America Can't Turn Back the Clock on Iran

Iran's Supreme Leader Ayatollah Ali Khamenei speaks live on television after casting his ballot in the Iranian presidential election in Tehran June 12, 2009. REUTERS/Caren Firouz/File Photo

Tehran has been the primary source of instability in the region since 1979. Supporting Saudi Arabia and Israel will help to counterbalance Iran.

The Obama administration pursued a regional policy that sought to reintegrate Iran into the regional and international systems in the hope of stabilizing the Middle East. This policy has attempted to reestablish Iran, as a regional power similar to the pre-1979 period. In fact, this unrealistic desire to set the clock of the Gulf region back to the pre-1979 security architecture was the primary intention behind the negotiation of the 2015 nuclear deal.

Proponents of this theory erroneously claim that before Iran’s 1979 Islamic Revolution, the United States has equally supported the Shah’s regime and the Gulf States and acted as a stabilizer in the Gulf. Therefore, the Gulf countries must reach an accommodation and share the spoils of the region with Iran for stability to take root and reduce the security burden on the United States.

The primary reasons behind this flawed understanding of the Iranian regime is the tendency to overlook the theocratic and revolutionary nature of the current Iranian establishment, unlike the nationalistic regime of the pre-1979 era, and overlooking how significantly the Gulf States have changed since the 1970s.

The regime of the last Shah of Iran Mohammad Reza Pahlavi was neither revolutionary nor theocratic. Indeed, it built its legitimacy around the thousands of years Old Persian identity. The Shah himself was an Iranian nationalist who attempted to reinforce his country’s position in the region. However, he did not pursue any revolutionary action, attempt to topple the Gulf regimes, or attempt to establish proxy groups and militant fund groups—except Iraqi Kurds due to his water and the border dispute with Iraq. He happily sold them off in 1975 after inking the well-known Algiers Agreement with Saddam Hussein that settled his dispute with Baghdad.

In contrast, the Islamic Revolution leader Ayatollah Khomeini built a regime that is firmly revolutionary and theocratic, which still exists to this present day. The theocratic and revolutionary nature of the Ayatollah’s regime entails continuous spreading of its Islamic revolutionary ideology beyond its borders. This revolutionary message seeks to topple existing Middle Eastern governments through popular mobilization to be replaced with Islamic, theocratic ones that enshrine the rule by religious clerics.

In practice, this Islamic revolutionary ideology turned into support for Islamist non-state actors across the Middle East. On the one hand, in countries where a significant Shia population exists, Iran supports Shias such as the case of the Lebanese Hezbollah. On the other hand—and contrary to conventional wisdom—Iran supports Sunni paramilitary groups in countries where there is a small number, if any, Shias. One such case is that of the Palestinian Sunnis Hamas and the Islamic Jihad.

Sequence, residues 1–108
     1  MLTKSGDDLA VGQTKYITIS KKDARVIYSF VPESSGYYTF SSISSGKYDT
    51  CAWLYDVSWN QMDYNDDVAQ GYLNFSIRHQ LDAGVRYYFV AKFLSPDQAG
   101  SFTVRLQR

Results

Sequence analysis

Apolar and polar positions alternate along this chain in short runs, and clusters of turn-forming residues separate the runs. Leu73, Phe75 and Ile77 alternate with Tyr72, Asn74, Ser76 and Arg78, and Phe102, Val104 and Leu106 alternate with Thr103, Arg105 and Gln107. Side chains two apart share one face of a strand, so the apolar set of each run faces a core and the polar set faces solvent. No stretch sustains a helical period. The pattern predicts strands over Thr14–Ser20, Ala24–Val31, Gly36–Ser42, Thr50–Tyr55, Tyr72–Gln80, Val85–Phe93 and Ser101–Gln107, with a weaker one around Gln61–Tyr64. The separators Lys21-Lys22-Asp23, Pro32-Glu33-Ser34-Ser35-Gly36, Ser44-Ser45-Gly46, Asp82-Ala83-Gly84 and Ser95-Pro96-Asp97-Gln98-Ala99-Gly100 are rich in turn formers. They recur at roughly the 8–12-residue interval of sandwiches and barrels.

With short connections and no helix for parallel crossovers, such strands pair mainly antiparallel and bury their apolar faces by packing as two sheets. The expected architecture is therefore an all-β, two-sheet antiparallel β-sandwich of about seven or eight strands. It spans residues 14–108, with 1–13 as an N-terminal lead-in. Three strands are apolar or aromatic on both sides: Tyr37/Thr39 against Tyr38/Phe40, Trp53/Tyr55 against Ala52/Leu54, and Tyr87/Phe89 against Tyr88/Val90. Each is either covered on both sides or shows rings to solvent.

Another important distinction is the fact that the Shah was not a religious ideologue, unlike the existing rulers of Iran. The current clerical regime in Tehran desires to impose their unique and narrow interpretation of Shiism, and Islam as a whole, on the Muslim world. Notably, the Shia then–Crown Prince of Iran, Mohammad Reza Pahlavi, married the Sunni sister of King Farouk I of Egypt for nine years with little to no public uproar in either country. Meanwhile, Khomeini and his successors have branded themselves as the leaders of all Muslims, unlike the Shah, who never attempted or desired to lead all Muslims or Shias.

Additionally, the Gulf States and the Shah faced the same enemies in the 1950s, 1960s and 1979s. The common threats ranged from the revolutionary Communism of the Soviet Union to revolutionary Socialism and Arab Nationalism of Egypt, Iraq and Syria. However, once the 1979 Islamic Revolution erupted, both the Gulf States and Iran have turned into arch enemies due to the revolutionary and theocratic nature of the Iranian regime. Moreover, a vicious circle has emerged where the pre-2003 Iraq and the Gulf States, notably Saudi Arabia, are Iran’s principal enemies and vice versa. In short, the zealous Iranian desire to spread religious revolutions around the Middle East in the aftermath of 1979 has been the primary source of instability in the region ever since.

Up until 1971, London protected smaller Gulf States from Iran’s influence. Afterwards, the United States filled the gap with a bias toward the much more capable Iran. This structure is unlikely to be repeated nowadays. The Gulf States are now more vibrant, prosperous and stronger militarily. Additionally, there are national identities that resist Iranian and Persian domination throughout the Gulf.

It is a mistake to treat Tehran as an ordinary nationalistic regime that can be tolerated or compromised with. Many in Washington  pressured the Obama administration to pursue the Iran Deal since they thought Iran could be reasoned with. It is time to set the record straight and expose the real face of the Iranian theocracy, remembering that the region has changed drastically since the 1970s.

The Trump administration must adopt a different strategy than the Obama administration. The president should empower Israel and Saudi Arabia, making them the main pillars of the new Middle Eastern regional strategy.

Haisam Hassanein is the Glazer Fellow at The Washington Institute for Near East Policy. Wesam Hassanein is a master’s candidate at the school of international service at American University.